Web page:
Help Begins to Reach Hurricane Struck Gulf Coast
WASHINGTON, DC, September 6, 2005 (ENS) - Evacuees from the New Orleans Convention Center are finally being rescued and processed at the makeshift Emergency Management Center at the New Orleans airport, where they are being put on planes or buses to shelters all around the country.
New Orleans residents stranded at the Convention Center called for help over and over, but it took a week to get food and water to them. The weak, elderly people, and babies were the victims as the convention center became a violent, lawless scene, survivors said.
"Babies got killed, ladies were raped, old people died, babies died from the heat, we had nothing to eat, it was a rat hole, it was a grave," one person told the media organization "Democracy Now."
”We need a little air and a little food and water for god's sakes. That's it," said somebody else.
”There is nobody in charge. The National Guard, the police, there is nobody. Somebody needs to come take charge and put organization and get these people to safety, to get them clothes, the basics things that they need to live from day-to-day,” said another.
Officials still have no firm estimate of the number of lives lost to the storm. New Orleans Mayor Ray Nagin told NBC's Today Show that a figure of 10,000 deaths "wouldn't be unreasonable."
The plight of the estimated 25,000 to 30,000 people at the Convention Center was a subject of the President's morning briefing Monday with Department of Defense and Department of Homeland Security officials.
"The Convention Center is something that is a high priority right now from the standpoint of the federal government. We're working to get supplies there - food and water and ice and medical supplies. And we're working to get more National Guard troops in there," said White House spokesman Scott McClellan.
Before leaving Washington for a second tour of the hurricane stricken area, President Bush visited the American Red Cross national headquarters to address the staff and volunteers supporting Hurricane Katrina disaster relief operations. The Red Cross is engaged in the largest response to a natural disaster in the organization’s 125 year history.
"People, this is a storm of enormous magnitude. And so we need more manpower," he said. "And if you want to help, please call the Red Cross, your local Red Cross, and they'll find a way for you to help."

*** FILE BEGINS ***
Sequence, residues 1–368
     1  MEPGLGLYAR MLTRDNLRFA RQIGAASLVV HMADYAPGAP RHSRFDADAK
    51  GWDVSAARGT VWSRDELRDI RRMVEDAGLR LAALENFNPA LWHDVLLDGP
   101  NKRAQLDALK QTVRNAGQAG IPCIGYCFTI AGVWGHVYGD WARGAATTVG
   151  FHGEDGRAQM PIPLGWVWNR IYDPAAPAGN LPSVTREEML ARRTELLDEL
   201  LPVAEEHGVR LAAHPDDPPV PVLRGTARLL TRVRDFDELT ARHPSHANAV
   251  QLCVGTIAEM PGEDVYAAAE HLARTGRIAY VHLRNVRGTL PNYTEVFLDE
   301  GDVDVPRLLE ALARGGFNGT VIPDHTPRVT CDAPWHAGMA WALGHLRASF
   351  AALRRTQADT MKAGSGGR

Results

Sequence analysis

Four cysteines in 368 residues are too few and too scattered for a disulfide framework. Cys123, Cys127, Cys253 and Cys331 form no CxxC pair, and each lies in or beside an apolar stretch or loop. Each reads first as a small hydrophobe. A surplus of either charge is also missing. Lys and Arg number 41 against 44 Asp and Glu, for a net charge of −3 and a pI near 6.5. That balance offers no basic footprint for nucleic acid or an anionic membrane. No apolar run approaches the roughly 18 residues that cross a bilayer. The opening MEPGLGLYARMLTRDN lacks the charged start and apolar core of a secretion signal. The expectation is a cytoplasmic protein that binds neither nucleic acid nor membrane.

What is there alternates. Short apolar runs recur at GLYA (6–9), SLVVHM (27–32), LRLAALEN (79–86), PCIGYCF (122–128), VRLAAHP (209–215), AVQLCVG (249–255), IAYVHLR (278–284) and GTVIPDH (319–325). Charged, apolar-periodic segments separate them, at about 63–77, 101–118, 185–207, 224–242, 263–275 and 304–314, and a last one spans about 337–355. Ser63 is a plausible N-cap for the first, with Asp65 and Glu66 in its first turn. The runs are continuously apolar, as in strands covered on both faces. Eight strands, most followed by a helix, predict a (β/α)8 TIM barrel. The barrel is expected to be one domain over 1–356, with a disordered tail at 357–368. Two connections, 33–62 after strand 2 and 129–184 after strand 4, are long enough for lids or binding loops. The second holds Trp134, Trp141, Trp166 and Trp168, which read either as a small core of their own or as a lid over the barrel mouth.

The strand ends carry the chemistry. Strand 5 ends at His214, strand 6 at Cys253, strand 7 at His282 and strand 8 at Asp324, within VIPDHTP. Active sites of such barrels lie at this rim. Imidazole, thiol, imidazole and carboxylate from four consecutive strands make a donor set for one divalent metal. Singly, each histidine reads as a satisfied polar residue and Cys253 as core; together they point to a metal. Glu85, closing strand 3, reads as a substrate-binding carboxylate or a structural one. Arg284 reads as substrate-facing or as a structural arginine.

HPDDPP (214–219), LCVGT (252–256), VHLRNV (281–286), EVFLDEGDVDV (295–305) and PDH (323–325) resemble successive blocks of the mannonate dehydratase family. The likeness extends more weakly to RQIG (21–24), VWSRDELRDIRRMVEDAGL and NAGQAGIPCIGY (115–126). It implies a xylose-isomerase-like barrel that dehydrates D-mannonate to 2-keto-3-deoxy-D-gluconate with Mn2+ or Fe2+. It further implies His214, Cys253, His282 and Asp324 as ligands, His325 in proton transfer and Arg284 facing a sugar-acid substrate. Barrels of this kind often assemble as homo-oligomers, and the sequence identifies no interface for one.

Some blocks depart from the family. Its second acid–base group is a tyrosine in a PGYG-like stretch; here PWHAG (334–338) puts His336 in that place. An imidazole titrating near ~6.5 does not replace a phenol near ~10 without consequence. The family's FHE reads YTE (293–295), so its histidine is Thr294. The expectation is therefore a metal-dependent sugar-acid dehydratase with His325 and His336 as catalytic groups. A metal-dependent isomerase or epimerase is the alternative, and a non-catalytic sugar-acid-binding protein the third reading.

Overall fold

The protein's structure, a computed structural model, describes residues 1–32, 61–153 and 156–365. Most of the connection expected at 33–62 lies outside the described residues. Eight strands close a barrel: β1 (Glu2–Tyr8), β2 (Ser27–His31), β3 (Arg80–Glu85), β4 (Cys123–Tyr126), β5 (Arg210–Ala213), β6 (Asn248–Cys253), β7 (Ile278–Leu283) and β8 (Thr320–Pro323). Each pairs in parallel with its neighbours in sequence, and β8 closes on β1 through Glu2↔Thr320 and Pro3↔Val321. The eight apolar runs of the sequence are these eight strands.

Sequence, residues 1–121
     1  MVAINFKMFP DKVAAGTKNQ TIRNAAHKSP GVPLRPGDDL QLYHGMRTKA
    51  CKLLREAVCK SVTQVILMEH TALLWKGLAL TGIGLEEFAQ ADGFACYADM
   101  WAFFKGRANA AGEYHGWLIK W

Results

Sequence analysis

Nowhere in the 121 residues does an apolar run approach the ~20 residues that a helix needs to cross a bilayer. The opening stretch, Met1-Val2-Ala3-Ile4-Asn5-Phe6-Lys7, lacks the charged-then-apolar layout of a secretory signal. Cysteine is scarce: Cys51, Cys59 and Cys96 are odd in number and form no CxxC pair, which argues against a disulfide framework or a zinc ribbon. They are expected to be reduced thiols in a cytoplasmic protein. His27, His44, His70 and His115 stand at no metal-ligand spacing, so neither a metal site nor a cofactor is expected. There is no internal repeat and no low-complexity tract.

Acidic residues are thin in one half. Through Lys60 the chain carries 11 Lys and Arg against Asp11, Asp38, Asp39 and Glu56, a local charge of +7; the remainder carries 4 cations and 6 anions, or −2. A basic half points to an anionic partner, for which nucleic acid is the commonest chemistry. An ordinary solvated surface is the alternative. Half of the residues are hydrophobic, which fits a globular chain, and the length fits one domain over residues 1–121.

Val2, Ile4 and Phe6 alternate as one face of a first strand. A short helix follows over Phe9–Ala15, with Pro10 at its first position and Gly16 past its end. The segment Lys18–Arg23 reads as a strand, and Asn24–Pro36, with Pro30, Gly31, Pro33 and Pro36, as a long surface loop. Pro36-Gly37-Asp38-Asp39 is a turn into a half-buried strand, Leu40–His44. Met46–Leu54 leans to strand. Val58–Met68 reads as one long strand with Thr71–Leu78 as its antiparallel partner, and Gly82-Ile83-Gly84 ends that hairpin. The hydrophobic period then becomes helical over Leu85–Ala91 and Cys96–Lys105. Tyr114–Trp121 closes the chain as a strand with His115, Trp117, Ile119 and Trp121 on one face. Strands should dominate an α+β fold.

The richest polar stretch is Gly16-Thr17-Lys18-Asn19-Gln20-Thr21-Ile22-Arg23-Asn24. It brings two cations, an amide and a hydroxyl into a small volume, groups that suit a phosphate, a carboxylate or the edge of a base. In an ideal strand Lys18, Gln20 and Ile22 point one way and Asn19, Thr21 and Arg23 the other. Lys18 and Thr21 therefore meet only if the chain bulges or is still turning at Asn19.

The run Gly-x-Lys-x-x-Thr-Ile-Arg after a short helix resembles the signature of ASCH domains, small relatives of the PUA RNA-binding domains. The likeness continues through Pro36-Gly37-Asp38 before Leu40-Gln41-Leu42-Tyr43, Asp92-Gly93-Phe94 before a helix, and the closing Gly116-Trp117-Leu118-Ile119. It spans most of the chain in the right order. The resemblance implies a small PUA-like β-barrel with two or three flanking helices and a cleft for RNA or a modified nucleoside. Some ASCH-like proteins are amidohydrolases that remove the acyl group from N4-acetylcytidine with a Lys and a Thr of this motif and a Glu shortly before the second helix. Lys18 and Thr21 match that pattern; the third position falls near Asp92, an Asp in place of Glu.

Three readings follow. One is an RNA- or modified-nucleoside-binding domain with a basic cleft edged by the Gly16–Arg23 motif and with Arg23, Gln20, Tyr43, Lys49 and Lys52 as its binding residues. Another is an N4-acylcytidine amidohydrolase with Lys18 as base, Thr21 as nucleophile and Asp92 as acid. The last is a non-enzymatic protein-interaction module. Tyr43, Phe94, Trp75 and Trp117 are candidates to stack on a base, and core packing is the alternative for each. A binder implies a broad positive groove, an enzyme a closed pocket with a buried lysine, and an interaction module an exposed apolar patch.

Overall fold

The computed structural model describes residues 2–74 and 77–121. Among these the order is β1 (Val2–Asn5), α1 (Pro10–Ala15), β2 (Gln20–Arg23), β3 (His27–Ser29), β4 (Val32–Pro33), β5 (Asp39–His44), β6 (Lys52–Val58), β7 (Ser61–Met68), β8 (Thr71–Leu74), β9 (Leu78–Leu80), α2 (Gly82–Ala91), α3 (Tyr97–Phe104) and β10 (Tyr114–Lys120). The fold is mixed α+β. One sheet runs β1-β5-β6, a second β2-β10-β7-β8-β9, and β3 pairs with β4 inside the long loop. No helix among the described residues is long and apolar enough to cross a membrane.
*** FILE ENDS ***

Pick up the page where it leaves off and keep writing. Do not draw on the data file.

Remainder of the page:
As of Sunday, 229,328 displaced people were in 679 shelters in 12 states, according to the Federal Emergency Management Agency (FEMA).
President Bush toured the stricken area for the second time on Monday. At Pearl River Community College in Poplarville, Mississippi, he said, "I just want you to know that when I'm thinking about how we can help this part of the world, Mississippi is on my mind."
On Sunday, the President declared a state of emergency in eight states that are overwhelmed with refugees fleeing the devastated Gulf Coast and the city of New Orleans, which is still mostly under water eight days after Katrina struck.
Oklahoma, West Virginia, Georgia, North Carolina, Florida, Tennessee, Utah and Colorado were declared emergency zones, making federal funding available to these states. Arkansas, Texas and the three states hardest hit - Louisiana, Mississippi and Alabama - have already been declared emergency zones.
More states are preparing to receive Hurricane Katrina evacuees. FEMA counts 15 states and the District of Columbia that are currently housing or preparing to house evacuees.
It was three breaches made by Hurricane Katrina in the 350 miles of hurricane levees surrounding the city of New Orleans that let the waters of Lake Ponchartrain into the saucer-shaped city, flooding 80 percent of the urban area, and forcing the evacuation of the city.
The Mississippi Valley Division of the U.S. Army Corps of Engineers reported progress has been made in sealing the barriers. From the Division's headquarters in Vicksburg Mississippi, the Corps said that over the last several days, water has continued to flow slowly out of the city, aiding their efforts to fight the flood.
“We’ll want to start those pumps slowly to watch the impacts on the system, trying to ensure no damage as the system begins to sustain the increase in flow,” he cautioned.
The breaches are being closed with 1.5 ton and 10 ton sandbags dropped from helicopters.
On the ground, getting access to several of the breach sites has required the Corps and its contractors to overcome major hurdles, but now the Corps reports that their contractors are in position to close the breach at 17th Street.
The breach at the London Street Canal has been completely closed, but the Corps had to make breaches in the levees elsewhere to let the floodwaters flow out of the city. “We made breaches in the St. Bernard and Plaquermines Parrishes to assist in lowering water levels in those neighborhoods,” Breerwood said.
One contractor mobilized marsh buggies to travel along the Verette Return Levee Canal in St. Bernard Paris, flooded and flattened by the storm. The contractor is preparing to breach 200 feet of levee in two locations to release trapped water.
At least 100 barges sank in the storm, and some of them are blocking access so the engineers cannot get in to clear the Industrial Canal. But barges are not the only problem there. Lawless gangs are afoot, and engineering crews, fearing for their own safety, avoided the area.